In your story, the meaning is "set out" - "started travelling" so that would work.

The boys went on their way and went till dawn came. - However, this repeats "went", so it's better to use a different phrase:
The boys set off and went on till dawn came.

*************
"Pitch" it a transitive verb - it has to have an object.
You can pitch a tent at the foot of the hill or pitch camp at the foot of the hill.
"Set up camp" can be used too. They are all good.

*********
"Viands" is very old fashioned - many people wouldn't know the word.

That's all I can see for now.
nightdream
Posted: Tuesday, August 13, 2019 11:13:49 AM

Rank: Advanced Member

Joined: 8/20/2015
Posts: 936
Neurons: 2,758

Thank you very much! Repeating the same things is a specific feature of southerners.

As to "pitched" there is no information in the original sentence that they pitched a tent, so they just "pitched" without any tent - is it acceptable or shall I replace it by "set"?


Drag0nspeaker wrote:
Hi!
This is not bad at all - but there are a few points.

They took the gold and put the sparrow back and locked him.
Grammatically, this has the wrong object.
They did not lock the bird. They locked the chest - or they locked the lid of the chest.
There is a phrasal verb "lock in" which would work.
They took the gold and put the sparrow back and locked him in.
They took the gold and put the sparrow back and locked the chest.


**************
"crying at him" doesn't work. "At" has two main meanings (and a few which are connected to those) - "in a position" or "aimed towards - as a target".

Position:
He was at the bank.
She stood at the corner.
They met at the railway-station.

Target:
He threw the stone at the fox.
She shouted at her son when he was naughty.
Never point a gun at anyone, even if it's not loaded.

You could say "crying for him" - but probably just "crying" is enough.

***************
The sequence of adjectives is incorrect in a couple of places.
If you have a descriptive adjective and a possessive, the possessive comes first.
"my poor, poor sparrow" not "poor, poor, my sparrow".

*****************
The boys were on their way and went till dawn came.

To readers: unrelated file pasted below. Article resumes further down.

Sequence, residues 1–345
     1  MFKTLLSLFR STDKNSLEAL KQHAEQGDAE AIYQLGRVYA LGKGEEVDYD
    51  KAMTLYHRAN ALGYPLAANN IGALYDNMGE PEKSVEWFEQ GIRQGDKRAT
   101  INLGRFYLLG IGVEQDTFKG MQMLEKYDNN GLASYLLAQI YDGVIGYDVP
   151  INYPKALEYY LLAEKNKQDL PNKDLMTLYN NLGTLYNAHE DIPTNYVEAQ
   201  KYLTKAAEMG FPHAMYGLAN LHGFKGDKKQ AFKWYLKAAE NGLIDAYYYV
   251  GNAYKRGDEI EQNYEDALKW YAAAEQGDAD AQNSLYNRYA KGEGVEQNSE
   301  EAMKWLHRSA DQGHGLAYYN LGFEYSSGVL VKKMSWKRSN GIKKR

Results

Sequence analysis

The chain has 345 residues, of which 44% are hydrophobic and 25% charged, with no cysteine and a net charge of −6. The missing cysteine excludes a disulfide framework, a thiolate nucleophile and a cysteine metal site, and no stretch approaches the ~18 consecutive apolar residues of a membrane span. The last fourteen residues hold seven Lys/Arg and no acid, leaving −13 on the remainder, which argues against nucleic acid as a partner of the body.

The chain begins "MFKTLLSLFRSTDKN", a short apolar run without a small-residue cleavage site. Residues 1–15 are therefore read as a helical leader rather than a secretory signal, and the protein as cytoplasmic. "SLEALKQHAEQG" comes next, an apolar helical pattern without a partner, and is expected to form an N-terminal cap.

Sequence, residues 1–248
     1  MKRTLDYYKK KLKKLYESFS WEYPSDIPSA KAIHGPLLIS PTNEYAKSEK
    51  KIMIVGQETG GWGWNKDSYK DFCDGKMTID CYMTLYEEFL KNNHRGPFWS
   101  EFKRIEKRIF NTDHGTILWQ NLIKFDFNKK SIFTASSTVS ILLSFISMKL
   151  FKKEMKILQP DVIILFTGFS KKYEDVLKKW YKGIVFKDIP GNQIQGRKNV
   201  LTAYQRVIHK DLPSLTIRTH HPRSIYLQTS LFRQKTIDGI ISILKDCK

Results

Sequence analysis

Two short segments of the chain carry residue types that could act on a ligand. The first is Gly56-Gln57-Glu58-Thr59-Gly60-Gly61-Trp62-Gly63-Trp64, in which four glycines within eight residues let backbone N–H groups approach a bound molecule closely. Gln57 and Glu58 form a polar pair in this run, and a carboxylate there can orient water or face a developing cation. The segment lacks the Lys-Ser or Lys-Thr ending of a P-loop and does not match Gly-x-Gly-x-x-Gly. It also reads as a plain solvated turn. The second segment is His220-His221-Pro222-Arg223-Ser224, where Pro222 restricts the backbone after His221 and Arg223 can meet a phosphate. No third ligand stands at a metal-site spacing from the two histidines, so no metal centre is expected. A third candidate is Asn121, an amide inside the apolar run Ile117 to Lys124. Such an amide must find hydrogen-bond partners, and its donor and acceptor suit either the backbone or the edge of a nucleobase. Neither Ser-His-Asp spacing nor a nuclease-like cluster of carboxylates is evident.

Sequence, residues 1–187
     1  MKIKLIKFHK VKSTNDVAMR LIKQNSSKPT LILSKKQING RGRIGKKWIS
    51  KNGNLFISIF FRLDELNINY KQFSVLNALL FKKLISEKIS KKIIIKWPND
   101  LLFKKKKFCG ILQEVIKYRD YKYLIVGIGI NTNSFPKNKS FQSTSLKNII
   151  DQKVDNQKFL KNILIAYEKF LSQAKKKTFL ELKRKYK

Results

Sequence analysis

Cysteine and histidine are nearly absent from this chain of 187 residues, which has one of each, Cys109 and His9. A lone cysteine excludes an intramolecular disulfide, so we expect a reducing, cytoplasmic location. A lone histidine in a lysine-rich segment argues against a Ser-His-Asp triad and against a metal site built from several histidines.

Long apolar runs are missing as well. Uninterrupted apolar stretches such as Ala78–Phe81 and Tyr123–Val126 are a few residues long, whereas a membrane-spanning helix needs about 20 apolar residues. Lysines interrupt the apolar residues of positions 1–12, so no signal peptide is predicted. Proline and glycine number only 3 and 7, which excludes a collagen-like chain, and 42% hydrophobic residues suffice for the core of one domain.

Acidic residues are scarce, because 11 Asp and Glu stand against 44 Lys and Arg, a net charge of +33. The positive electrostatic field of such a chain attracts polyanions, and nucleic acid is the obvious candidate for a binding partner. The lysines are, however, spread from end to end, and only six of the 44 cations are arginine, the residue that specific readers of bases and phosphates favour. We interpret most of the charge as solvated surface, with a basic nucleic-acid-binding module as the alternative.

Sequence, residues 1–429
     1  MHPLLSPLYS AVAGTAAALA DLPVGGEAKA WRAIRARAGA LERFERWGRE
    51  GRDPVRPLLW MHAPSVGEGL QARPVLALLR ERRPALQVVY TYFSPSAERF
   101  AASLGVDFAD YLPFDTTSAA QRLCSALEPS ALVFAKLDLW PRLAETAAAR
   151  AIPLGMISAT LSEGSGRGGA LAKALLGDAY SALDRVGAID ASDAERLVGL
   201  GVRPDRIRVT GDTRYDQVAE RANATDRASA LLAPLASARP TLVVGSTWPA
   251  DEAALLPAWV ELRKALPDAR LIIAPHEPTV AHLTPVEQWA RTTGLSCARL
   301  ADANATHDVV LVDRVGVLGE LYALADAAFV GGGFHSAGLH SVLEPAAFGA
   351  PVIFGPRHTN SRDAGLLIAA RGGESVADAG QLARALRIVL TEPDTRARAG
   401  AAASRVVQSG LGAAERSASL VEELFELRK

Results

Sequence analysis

I have mentioned this in an earlier story. "were on their way" (or "was on my way" etc) cannot be used without mentioning WHERE they were going.
It is possible that it is mentioned in a previous sentence, but usually it comes after.
They were on their way home.
They were on their way to the mountain.
I'm going to work today - I was on my way when I met you.


The only time it is used without a 'goal' is "went on their way" - usually meaning "continued on the route/road they had been on before", but sometimes just means "went away".

In your story, the meaning is "set out" - "started travelling" so that would work.

The boys went on their way and went till dawn came. - However, this repeats "went", so it's better to use a different phrase:
The boys set off and went on till dawn came.

*************
"Pitch" it a transitive verb - it has to have an object.
You can pitch a tent at the foot of the hill or pitch camp at the foot of the hill.
"Set up camp" can be used too. They are all good.

*********
"Viands" is very old fashioned - many people wouldn't know the word.

That's all I can see for now.
Drag0nspeaker
Posted: Wednesday, August 14, 2019 5:38:38 AM

Rank: Advanced Member

Joined: 9/12/2011
Posts: 33,174
Neurons: 208,218
Location: Livingston, Scotland, United Kingdom
Ah! You have a "north/south split" there, too, do you?

Both "pitch" and "set" are transitive - in this meaning.
You "pitch" or "set up" camp or a tent or you can set up a base.

The word I can think of which would fit is just "camped" or "camped down" or "camped out", which need no object.

They covered a long distance, camped at the foot of the hill and fell asleep at the dawn.
They covered a long distance, camped down at the foot of the hill and fell asleep at the dawn.
They covered a long distance, camped out at the foot of the hill and fell asleep at the dawn.